Within this book you will find thirty-one stories written with this quote in mind. For 2016, I decided to challenge myself to create a flash fiction story every day for the whole year. So far I've been on track. You will find these stories brief, and hopefully some of them witty as well. This is a complete collection of the stories I wrote in January. Going forward. I will publish each month's stories as an ebook, and then collect them all in an omnibus edition, available in print and Ebook in early 2017.
You've published multiple series, including books with WordFire Press. What is your method for balancing a wide variety of projects, and how do you decide where to prioritize your focus?
First: What do I have specifically on deadline, because bills have to get paid. After that, really it's whatever I'm having the most fun with. If I'm not having fun writing, the reader probably isn't going to have reading. I know some of my readers would like me to get back to some of the series that I haven't put out in a while, but I think in the long run, they'll be more appreciative of something that's full of the wonder and imagination when I'm having grand time composing.
Retaining the fun is definitely one of the most important things an author can do. In what ways has flash fiction enhanced your craft, and what have you learned from doing it?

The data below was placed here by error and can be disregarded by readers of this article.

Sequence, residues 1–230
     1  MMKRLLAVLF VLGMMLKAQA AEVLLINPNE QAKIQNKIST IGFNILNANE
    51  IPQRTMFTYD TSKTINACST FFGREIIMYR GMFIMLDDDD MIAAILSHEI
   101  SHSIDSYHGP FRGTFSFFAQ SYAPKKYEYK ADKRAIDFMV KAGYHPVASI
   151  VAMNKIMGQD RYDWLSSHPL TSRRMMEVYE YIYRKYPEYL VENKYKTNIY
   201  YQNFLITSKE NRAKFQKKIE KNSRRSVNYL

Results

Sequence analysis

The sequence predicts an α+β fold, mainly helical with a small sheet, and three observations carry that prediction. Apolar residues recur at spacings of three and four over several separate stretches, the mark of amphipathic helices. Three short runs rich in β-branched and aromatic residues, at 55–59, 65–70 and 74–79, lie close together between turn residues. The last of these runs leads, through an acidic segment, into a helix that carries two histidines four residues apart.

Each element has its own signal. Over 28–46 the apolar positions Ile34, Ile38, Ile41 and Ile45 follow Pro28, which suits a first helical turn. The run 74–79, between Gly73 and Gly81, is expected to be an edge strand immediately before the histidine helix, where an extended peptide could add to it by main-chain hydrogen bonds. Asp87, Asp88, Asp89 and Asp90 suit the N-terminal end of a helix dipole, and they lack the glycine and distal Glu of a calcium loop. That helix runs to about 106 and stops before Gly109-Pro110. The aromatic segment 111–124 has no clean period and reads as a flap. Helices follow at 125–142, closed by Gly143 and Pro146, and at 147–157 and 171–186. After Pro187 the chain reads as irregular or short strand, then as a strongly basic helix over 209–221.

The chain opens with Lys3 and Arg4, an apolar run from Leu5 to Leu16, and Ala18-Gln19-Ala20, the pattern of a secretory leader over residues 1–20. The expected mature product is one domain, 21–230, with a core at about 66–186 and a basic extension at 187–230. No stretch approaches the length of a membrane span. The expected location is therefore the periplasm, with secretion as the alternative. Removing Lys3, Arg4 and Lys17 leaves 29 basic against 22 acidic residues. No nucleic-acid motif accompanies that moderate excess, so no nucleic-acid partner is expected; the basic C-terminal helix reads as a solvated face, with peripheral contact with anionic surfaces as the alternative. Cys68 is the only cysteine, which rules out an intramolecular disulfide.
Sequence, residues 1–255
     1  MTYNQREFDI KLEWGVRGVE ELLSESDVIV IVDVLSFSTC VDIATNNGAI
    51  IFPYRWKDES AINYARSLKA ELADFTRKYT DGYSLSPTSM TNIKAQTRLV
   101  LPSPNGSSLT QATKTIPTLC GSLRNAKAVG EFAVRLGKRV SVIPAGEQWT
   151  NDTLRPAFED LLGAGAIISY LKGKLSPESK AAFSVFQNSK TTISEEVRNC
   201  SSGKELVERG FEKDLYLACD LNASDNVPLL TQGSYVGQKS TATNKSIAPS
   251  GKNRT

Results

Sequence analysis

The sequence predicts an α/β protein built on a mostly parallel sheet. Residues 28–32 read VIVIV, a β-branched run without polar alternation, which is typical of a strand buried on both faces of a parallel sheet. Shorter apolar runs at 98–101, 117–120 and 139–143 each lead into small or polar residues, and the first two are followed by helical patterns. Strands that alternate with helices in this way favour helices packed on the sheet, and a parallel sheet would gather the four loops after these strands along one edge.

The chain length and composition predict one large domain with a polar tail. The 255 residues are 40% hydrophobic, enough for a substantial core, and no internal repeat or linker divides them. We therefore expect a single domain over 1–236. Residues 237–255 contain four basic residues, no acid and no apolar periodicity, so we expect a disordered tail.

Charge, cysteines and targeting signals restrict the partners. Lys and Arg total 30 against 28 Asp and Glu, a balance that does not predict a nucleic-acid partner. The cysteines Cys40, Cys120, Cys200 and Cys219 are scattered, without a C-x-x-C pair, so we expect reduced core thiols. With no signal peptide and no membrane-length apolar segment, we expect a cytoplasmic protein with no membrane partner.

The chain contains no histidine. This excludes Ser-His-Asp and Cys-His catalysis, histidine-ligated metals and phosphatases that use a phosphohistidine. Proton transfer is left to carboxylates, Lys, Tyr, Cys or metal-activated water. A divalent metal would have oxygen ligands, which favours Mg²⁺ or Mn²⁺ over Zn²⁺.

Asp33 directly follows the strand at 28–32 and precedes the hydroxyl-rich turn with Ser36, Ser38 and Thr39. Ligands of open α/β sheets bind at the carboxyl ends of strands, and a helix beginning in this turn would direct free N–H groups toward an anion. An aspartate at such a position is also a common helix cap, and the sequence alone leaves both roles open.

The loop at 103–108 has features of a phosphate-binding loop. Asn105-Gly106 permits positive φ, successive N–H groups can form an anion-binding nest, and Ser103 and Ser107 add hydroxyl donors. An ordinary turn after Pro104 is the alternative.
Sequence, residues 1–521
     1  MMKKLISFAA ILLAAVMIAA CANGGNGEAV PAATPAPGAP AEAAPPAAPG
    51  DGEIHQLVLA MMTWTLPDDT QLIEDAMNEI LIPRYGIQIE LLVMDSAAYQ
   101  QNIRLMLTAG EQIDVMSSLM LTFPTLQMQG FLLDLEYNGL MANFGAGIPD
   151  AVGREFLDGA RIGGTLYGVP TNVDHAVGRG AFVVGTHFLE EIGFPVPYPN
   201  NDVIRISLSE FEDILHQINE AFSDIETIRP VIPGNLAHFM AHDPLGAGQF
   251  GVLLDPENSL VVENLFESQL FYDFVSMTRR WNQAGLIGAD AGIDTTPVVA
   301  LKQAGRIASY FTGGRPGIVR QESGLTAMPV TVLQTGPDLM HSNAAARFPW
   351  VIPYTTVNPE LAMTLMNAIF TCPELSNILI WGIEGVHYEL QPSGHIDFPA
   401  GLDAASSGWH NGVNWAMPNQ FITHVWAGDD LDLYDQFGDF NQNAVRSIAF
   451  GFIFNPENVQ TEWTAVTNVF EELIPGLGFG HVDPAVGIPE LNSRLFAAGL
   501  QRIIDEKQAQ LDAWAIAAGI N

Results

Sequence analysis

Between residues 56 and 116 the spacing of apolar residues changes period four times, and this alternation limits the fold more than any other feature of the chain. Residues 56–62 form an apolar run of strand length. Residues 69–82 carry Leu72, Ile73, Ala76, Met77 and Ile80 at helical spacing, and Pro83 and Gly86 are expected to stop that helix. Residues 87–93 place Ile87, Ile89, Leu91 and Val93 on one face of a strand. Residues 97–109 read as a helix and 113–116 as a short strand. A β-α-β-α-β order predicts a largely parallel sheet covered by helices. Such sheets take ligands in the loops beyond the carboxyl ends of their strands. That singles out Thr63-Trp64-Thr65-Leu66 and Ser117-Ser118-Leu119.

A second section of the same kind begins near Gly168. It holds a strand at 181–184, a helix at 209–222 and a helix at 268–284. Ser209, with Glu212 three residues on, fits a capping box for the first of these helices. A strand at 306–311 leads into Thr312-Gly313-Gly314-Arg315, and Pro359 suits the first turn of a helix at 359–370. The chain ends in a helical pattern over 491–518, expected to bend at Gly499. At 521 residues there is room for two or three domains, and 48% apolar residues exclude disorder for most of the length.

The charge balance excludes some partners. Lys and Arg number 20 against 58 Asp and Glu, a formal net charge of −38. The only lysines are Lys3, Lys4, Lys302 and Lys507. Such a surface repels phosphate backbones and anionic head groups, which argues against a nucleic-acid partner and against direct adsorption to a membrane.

Flash fiction forces me to get down to the core of an idea. With a piece that's striving to be a couple hundred words, a thousand at most, I don't have any words to waste. It also allows me to experiment without the commitment of a short story or a novel. It's easier to play around and push my limits and boundaries.
At Silicon Valley Comic Con, you did an excellent job of moderating a writer's panel. What suggestions, if any, do you have for newer authors interested in being on panels?
Contact the event and let them know that you are interested in doing panels. Let them know what subjects you feel qualified to speak on. Don't try to get on any panel that comes up. You do better by speaking well on one panel that you're well acquainted with than you are four panels were you don't have much to say. Remember that at the beginning of your career, you're a small fish in a VERY big pond. Show up. Speak well. Don't try to dominate the conversation. Do that, and you'll gain more notice and pretty soon, events will contact you to come and speak. Putting out quality work helps.
Very useful tips! What are some of your current projects?
Continuing my flash fiction story a day, which I'll be putting out in my Stopwatch Stories collections. Vol. 2 is releasing April 5. I start grad school in April as well. As soon as I finish the rewrite of my first two Tears of Rage books for WordFire press, who picked up the series, I'm going to try and tackle Halloween Jack and the Red Emperor.
Sounds like you have a lot of irons in the fire, and having read the first in the Halloween Jack series, I'm excited for more! Thanks so much for your answers!
For those interested in some gritty fantasy, Mr. Gallowglas's serialized novel Dead Weight is available on Amazon. Or, feel free to check out some of his other series: